In my post last week Do Not Be Deceived, I made a reference to what happens when you accept a fake over the real thing. Kevin Rhyne added this quote which I really thought a lot of and blogrolled him for his trouble. (We’ll see if that’s a good thing or not.)
I’ve got a little bit more to say about it this morning though.
I was over at the Founders blog this morning and read this troubling piece. I guess righteous indignation goes both ways. My point in the first post I talked about was that it is so easy to be deceived in this generation. I mean, why by Rose-like Lisianthus when you can have a rose right? But there are slick preachers with slippery agendas out there who will hook you with sweet words and keep you coming back and giving money by telling how great you are. Or they’ll tell you how great you CAN be if you keep coming and giving and supporting their ministry. A few steps back from that outright heresy are the churches who do the best they can with what they’ve got. They take the interpretations of the Word that have been handed down through the years in their church and they apply them. They believe these things. More to the point, they call their pastors based on whether or not they believe them too.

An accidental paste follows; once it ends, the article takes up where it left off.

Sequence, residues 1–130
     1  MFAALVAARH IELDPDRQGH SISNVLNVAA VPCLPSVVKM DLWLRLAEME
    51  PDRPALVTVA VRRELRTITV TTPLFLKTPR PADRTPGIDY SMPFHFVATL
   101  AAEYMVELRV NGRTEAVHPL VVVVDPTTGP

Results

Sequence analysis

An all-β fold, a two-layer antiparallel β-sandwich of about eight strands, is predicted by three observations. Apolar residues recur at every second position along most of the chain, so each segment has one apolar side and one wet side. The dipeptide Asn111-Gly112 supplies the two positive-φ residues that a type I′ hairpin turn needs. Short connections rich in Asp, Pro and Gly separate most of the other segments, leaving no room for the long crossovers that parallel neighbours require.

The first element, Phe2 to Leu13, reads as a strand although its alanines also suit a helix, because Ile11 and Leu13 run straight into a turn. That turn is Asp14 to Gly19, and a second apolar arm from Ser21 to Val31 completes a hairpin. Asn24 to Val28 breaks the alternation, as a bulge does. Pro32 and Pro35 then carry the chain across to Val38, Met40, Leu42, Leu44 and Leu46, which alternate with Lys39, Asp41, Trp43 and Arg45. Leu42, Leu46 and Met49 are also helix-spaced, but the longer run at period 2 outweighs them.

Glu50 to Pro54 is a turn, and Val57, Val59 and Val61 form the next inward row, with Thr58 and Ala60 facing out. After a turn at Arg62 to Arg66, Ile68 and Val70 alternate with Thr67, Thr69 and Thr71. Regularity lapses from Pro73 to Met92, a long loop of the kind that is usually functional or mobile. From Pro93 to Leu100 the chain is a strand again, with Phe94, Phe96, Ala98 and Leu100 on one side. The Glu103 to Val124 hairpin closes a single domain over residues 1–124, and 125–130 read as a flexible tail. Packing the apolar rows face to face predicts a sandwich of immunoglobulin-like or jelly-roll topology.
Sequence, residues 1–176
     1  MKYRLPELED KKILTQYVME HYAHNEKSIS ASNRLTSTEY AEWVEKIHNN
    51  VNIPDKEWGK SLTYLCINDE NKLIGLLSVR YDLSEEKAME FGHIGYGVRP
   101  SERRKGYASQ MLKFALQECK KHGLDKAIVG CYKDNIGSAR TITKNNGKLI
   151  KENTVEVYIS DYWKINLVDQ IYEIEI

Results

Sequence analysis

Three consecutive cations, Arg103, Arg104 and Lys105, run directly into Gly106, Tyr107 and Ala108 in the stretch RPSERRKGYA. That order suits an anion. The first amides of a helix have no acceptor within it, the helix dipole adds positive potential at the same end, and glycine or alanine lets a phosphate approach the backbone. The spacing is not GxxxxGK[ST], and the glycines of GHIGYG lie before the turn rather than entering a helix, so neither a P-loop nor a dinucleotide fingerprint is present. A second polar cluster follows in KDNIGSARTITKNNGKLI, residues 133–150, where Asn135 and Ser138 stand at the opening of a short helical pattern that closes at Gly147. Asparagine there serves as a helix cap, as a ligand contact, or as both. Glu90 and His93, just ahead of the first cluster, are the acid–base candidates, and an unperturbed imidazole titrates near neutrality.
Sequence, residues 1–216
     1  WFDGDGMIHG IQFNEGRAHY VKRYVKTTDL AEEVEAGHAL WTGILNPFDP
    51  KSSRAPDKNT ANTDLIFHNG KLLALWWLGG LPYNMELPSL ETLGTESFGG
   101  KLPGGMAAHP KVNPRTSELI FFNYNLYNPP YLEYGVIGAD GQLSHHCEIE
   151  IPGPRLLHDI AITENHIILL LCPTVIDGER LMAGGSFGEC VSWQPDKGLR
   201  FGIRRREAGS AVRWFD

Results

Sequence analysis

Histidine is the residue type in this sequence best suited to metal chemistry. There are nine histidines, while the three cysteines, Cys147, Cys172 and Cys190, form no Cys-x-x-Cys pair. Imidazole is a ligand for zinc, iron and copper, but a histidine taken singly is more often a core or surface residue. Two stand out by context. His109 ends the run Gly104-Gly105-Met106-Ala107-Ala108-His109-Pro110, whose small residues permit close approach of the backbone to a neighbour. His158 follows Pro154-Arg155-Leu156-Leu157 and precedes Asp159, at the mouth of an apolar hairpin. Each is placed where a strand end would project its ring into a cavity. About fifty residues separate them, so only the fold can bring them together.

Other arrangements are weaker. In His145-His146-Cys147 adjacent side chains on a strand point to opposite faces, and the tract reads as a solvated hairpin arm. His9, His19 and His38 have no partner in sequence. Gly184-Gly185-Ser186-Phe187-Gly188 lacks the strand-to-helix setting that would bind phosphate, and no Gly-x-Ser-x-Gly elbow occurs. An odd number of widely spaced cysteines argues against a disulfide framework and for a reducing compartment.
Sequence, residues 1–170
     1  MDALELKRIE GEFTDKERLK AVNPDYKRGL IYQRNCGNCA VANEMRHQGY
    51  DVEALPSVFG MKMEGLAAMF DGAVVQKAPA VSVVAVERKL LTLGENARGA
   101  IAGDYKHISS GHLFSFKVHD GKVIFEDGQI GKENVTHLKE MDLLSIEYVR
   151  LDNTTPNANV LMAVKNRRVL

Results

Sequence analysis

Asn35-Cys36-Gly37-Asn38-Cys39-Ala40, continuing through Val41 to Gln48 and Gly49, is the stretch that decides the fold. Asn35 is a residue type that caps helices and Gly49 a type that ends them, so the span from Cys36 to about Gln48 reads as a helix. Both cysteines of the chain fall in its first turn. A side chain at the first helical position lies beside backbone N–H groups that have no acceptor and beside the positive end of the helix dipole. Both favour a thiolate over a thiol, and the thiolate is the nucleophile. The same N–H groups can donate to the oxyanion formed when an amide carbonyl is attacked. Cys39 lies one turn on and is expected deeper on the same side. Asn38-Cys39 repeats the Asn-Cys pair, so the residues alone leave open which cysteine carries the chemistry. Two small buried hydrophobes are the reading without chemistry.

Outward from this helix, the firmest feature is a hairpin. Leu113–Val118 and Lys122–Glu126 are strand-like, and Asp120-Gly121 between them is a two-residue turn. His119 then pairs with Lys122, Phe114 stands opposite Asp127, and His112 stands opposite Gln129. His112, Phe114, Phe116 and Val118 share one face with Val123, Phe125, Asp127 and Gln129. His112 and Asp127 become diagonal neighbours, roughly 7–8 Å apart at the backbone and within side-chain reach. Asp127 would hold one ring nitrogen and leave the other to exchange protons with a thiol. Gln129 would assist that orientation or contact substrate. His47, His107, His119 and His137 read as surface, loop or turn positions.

Are we so surprised then that sermons like that one pop up? I mean, we’re talking about something like 150 years or so Southern Baptist deviation from the Doctrines of Grace? I had never heard about the things until I started looking into the basis for the Baptist Faith and Message—at least not in the context of the roots of our Convention.
But here’s the thing that really gets me and I’ll try at some point to get a grip on this later: Roses are a cultivated plant. What that means is that the first roses are nothing like what we have today and if we want to be honest about it we have to admit that, although they have their points of excellence, there are some things about them that have been changed over the years. Hybrid teas and floribunda, bush and climber, dwarf, giant, and tree—all features added by astute and careful adaptation by the rose growers.
There’s a spiritual lesson in that one right there at the end if you’ll just look for it.